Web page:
December 10


OPB (Other People’s Blogs) (Classic Post)

I received emails from a couple new bloggers recently letting me know they exist. Thought I’d pass it on to you….

Ken Levine, tv comedy writer/director with credits including M*A*S*H, Simpsons, Becker and Everybody Loves Raymond has a new blog called “by Ken Livine”.

Xander Bennett, a TV writer from Australia, also has an interesting new blog, Chained To The Keyboard.

March 29


WHAT SHOULD YOU WRITE? (Classic Post)

Trev asks:

How do you feel choice of subject matter influences commercial success. Do you think Hollywood is more interested in another LETHAL WEAPON or SCREAM 3 rather than another AMERICAN BEAUTY?

If you were starting out–what genre would you write for spec?

That’s really three separate questions, so here are three answers:

How does choice of subject matter influence commercial success?

Subject matter per se has little to do with commercial success. Unlikely subjects often turn into successful movies. E.G. “Shindler’s List” (Holocaust), “A Beautiful Mind” (life of an obscure – at least to the public – economist), “Sideways” (wine tasting). The real question for the spec writer (and probably any writer) is whether you can make the subject accessible to your audience. If you desire to write for mainstream Hollywood, then you want the subject to be accessible to mainstream audiences. At the risk of getting a parade of horrible subject matters, I can say that there is almost no subject that, with the right story treatment, cannot be used to create a marketable spec screenplay.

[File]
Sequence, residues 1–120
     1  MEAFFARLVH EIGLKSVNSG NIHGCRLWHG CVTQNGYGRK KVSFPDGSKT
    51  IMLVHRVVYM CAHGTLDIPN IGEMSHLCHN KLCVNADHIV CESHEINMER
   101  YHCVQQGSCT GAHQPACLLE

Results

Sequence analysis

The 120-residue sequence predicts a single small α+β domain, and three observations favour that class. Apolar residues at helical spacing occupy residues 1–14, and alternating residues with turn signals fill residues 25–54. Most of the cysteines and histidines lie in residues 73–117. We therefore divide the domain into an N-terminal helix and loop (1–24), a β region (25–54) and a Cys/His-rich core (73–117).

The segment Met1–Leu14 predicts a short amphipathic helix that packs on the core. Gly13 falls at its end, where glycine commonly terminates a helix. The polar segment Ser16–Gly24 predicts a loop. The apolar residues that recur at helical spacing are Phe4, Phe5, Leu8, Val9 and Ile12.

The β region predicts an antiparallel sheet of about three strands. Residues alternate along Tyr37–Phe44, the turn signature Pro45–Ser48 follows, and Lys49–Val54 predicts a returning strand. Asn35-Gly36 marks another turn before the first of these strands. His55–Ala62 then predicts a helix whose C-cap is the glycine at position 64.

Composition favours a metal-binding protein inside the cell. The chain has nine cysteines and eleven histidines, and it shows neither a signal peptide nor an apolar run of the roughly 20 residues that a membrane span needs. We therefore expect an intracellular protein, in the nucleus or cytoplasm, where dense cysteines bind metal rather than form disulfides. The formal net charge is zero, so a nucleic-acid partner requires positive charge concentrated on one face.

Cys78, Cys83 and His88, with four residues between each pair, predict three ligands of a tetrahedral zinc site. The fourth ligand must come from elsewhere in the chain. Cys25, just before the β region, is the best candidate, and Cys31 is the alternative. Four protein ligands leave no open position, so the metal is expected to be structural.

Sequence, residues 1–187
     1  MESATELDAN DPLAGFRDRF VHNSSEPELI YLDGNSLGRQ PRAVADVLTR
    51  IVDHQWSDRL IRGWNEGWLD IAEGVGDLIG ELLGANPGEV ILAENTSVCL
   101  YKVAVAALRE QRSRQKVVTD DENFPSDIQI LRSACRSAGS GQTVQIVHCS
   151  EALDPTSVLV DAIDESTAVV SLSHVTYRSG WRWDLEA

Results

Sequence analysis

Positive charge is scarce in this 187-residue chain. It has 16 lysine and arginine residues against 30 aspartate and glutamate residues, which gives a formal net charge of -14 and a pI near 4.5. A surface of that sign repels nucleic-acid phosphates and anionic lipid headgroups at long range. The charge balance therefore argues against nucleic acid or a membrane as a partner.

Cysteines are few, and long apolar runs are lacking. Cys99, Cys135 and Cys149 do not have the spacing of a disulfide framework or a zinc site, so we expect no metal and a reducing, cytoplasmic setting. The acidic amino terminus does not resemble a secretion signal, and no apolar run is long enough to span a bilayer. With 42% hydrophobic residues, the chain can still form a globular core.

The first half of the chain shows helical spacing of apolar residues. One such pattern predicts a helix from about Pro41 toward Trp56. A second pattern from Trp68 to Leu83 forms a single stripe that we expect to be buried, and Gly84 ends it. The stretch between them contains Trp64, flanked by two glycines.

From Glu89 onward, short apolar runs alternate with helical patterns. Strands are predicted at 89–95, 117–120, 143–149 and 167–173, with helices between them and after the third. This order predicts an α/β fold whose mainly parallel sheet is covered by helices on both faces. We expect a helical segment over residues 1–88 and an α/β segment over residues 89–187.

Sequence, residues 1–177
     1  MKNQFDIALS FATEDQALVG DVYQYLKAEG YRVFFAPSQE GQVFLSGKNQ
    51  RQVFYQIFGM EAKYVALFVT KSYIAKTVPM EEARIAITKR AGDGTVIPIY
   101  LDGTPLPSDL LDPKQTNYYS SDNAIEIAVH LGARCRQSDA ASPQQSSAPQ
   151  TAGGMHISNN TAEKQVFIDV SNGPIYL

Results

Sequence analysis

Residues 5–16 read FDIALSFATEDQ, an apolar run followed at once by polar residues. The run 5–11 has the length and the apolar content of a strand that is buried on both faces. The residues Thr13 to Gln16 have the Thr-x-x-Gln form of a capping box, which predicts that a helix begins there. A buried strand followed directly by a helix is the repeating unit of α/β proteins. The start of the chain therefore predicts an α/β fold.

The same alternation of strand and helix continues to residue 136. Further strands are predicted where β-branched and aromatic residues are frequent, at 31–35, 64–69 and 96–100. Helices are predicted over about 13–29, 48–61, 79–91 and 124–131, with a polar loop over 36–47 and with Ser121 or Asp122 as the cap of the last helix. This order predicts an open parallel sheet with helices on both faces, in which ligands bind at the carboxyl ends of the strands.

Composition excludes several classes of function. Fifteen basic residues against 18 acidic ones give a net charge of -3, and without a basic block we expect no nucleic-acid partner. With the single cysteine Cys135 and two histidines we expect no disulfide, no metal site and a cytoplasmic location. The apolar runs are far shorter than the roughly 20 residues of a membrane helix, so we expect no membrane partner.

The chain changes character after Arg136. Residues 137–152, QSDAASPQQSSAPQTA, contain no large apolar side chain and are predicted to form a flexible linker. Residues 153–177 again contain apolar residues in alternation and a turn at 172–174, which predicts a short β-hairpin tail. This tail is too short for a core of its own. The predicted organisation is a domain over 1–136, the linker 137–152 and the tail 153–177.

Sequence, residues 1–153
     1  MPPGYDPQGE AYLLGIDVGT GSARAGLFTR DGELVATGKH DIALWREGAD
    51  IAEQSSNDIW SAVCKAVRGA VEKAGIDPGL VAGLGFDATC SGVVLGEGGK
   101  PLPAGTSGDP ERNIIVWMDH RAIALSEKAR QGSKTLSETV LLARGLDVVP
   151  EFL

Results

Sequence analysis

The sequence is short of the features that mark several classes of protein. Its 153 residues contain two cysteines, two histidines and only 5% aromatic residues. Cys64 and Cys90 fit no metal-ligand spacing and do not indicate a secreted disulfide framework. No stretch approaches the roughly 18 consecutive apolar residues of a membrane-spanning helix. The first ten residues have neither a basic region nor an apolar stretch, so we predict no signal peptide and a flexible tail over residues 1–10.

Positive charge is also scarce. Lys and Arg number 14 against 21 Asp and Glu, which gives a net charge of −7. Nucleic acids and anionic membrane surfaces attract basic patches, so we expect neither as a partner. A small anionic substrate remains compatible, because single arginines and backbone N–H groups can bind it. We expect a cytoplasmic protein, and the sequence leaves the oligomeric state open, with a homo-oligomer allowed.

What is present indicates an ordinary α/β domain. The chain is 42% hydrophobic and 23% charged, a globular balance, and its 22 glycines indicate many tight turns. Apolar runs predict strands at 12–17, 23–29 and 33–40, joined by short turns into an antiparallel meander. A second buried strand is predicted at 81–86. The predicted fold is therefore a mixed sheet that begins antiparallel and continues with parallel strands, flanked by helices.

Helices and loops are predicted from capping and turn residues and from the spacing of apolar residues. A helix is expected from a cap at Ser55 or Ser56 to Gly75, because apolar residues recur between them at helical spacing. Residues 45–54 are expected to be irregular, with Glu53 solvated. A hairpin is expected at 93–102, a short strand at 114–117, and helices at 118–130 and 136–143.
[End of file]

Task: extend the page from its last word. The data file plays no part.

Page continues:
That having been said, the more uncomfortable the subject matter, the more difficult you may find it to create the right story treatment. You will walk a fine line between honoring the subject matter and telling an accessible story.

Do you think Hollywood is more interested in another LETHAL WEAPON or SCREAM 3 rather than another AMERICAN BEAUTY? Continue reading

June 26


PACKAGING AGENTS (Classic Post)

One way into a writing career is to make a splashy spec sale. However, it is rare and not the only way. Another way is to get a movie made, even a small movie with independent distribution. Every major agency in town (that would be L.A.) has a department to help you do this. They call it “packaging”. Packaging means taking a great script, finding a director, talent, money and distribution, and bringing them all together. Yes, that is what a producer is supposed to do, but the agencies realized some time ago that they have ready access to all the elements and can charge huge fees for doing the same thing as long as they don’t call themselves producers.

The rub is, there is tremendous competition for the attention of packaging agents just as there is for all other agents. However, unlike in ordinary spec sales, elements you bring to the table besides the script itself can help in packaging. For example, if you have interest from a bankable director, if you have raised part of the budget, or if you have interest from a bankable actor, you have a good chance of at least getting the project reviewed by a packaging agent. And remember, what is bankable to the indie market is much broader than what is bankable to the studios.

Packaging is particularly suited to quality scripts that can be made on a budget. Quality genre scripts are very popular for packaging. There is also a fairly strong market for schlock genre scripts, but because there are so many of these mediocre scripts out there, you really need to bring some other strong element to the table to get your mediocre script noticed.

The money for packaged scripts is typically not nearly as good as for studio projects, but you are launching a career. It pays to consider packaging as another avenue into the biz.